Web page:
This is a wonderful novel that illustrates very personal stories of war, and especially the effect of war on limiting the options of children and forcing them to make choices they’d not otherwise be ready to make.  The characters, even the minor characters, are very well-developed and I enjoyed spending time with them.  It’s a beautiful book and likely to make one cry a little bit.

Recommended booksThe Book Thief by Markus Zusak, The Shadow of the Wind by Carlos Ruiz Zafón, and The Book of Everything by Guus Kuijer
Rating: ****

Movie Review: The Rape of Europa (2006) #atozchallenge


This is my entry for “R” in the Blogging A to Z Challenge. Throughout April I will be watching and reviewing a documentary movie from A to Z. This is the first”R” documentary I’ve reviewed.

TitleThe Rape of Europa
Release Date: 12 November 2006
Director:  Richard Berge and Bonni Cohen
Production Company: Actual Films
Summary/Review:

This film documents the many threats to Europe’s art, architecture, and cultural treasures during World War II. Adolf Hitler, a failed artist himself, sought to acquire art treasures to satiate his ego and prop up the Reich.  He even had elaborate plans to remake his hometown of Linz, Austria into a cultural center that he worked on right up to his last days in the bunker under Berlin.  Well before invading other nations, the Nazis put together lists of art works to target and bring to Germany. The Nazis plundered museums and private collections, primarily of Jewish families, in every country they invaded.  Hermann Göring is a major figure in the Nazi art program, presented here as having a more sophisticated taste in art than Hitler, and also setting aside prime pieces for his own collection.

But the Nazis didn’t just steal art.  They also deliberately sought out and destroyed art.  Before the war, Hitler declared certain works and artists as “degenerate art” – primarily the work of Jewish artists, but he a general distaste for Modern Art.  The degenerate art was put on display in a mocking exhibition before being sold off at bargain prices, while much more art was destroyed.  When invading other countries, particularly Poland and Russia, the Nazis deliberately targeted the art and architecture of those countries in an attempt to erase their cultural heritage.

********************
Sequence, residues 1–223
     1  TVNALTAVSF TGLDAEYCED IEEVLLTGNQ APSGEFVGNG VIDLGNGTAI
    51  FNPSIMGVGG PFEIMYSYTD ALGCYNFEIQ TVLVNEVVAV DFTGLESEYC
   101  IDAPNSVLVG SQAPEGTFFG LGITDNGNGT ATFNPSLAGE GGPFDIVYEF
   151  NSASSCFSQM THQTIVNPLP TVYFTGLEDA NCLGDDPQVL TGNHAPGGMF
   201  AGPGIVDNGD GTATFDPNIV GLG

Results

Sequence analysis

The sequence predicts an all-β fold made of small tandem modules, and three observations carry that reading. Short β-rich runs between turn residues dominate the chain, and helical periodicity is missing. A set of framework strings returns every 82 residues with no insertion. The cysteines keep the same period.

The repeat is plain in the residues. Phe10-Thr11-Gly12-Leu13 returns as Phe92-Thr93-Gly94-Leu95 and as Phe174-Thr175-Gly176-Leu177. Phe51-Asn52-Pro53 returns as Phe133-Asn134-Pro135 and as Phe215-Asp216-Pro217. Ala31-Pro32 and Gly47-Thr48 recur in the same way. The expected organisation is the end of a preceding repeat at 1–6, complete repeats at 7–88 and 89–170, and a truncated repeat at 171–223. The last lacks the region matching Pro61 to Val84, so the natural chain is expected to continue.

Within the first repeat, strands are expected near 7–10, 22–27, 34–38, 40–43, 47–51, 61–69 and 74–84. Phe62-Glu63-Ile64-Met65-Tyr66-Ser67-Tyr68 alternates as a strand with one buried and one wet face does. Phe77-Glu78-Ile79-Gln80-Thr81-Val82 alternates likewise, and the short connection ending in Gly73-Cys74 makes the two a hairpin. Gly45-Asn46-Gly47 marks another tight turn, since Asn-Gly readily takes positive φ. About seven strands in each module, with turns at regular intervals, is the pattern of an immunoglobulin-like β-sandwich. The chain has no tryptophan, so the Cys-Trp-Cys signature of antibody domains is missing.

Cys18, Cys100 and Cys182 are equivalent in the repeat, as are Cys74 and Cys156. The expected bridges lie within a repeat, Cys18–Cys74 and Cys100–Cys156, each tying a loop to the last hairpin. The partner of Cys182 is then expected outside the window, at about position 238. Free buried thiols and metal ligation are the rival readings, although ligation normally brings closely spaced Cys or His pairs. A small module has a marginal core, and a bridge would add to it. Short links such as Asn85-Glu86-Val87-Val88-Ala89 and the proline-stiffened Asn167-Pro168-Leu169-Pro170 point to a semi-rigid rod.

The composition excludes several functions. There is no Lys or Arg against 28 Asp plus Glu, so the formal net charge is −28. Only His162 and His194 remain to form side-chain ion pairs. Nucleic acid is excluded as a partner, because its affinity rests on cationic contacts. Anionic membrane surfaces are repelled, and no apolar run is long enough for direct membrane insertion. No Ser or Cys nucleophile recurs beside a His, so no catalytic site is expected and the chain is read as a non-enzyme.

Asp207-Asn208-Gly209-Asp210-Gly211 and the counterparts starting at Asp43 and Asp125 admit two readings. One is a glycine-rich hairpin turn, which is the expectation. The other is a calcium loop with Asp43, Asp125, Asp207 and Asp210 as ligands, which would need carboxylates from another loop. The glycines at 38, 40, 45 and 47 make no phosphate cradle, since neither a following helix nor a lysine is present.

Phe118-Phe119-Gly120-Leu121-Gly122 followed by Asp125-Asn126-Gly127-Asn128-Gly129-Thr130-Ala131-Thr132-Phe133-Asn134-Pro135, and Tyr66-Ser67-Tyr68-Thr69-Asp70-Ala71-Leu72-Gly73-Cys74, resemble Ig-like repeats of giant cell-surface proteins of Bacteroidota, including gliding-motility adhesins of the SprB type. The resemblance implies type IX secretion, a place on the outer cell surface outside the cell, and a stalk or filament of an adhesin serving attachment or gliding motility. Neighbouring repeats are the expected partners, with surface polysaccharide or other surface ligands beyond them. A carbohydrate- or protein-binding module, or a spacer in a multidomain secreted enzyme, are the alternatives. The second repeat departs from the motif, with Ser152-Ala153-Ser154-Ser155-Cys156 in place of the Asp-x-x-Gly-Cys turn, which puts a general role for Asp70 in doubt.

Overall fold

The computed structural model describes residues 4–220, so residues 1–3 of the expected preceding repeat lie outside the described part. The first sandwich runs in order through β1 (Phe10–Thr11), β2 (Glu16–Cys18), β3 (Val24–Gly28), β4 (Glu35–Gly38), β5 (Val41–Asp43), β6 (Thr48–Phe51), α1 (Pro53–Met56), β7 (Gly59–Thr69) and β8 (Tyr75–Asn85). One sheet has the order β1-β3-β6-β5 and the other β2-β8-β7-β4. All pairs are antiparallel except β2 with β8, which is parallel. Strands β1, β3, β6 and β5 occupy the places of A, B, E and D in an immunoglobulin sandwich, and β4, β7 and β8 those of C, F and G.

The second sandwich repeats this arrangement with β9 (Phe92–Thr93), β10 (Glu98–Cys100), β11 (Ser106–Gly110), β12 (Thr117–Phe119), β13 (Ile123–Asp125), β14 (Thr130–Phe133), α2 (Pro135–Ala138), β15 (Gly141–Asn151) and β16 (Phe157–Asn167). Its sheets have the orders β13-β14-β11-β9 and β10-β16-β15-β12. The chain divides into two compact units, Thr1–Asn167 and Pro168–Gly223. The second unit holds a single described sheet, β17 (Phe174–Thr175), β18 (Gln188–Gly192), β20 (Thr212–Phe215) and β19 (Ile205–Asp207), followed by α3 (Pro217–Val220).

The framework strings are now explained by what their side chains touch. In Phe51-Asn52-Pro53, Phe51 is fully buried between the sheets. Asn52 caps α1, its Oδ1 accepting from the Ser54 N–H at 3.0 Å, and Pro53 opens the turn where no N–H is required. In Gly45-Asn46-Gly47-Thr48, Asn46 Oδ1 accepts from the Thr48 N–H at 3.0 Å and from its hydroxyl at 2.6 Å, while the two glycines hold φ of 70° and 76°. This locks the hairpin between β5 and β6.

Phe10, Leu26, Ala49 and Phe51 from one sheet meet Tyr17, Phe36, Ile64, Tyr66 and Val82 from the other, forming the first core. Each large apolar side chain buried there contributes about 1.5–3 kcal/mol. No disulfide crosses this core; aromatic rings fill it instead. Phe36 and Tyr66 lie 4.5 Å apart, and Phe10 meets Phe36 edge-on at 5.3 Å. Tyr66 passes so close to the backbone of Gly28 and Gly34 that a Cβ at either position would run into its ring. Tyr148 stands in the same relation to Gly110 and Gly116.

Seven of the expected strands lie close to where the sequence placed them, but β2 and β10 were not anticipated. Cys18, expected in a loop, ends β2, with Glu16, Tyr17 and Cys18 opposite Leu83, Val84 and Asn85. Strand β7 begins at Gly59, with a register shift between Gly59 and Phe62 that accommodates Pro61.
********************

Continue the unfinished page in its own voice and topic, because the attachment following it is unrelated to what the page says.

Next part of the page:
The movie also focuses on the efforts to preserve and protect art during the war.  Specifically, the Louvre and the Hermitage each had programs  involving dedicated staff and volunteers evacuating artworks and otherwise working to protect them from theft or damage.  The Allied armies were very cognizant of Europe’s cultural heritage and attempted to avoid destroying significant artistic and historical sites.  The results were not always good as in the case of the historic monastery of Monte Cassino that they bombed in an attempt to dislodge troops on the mountain, or the destruction of the historic frescoes in Pisa’s Camposanto Monumentale.  Other efforts were more successful, such as a plan for a bombing run on a very narrow target of a railroad depot in central Florence.  During and after the war, the Monuments, Fine Arts, and Archives program – aka the Monuments Men – worked to find, restore, and repatriate art stolen during the war.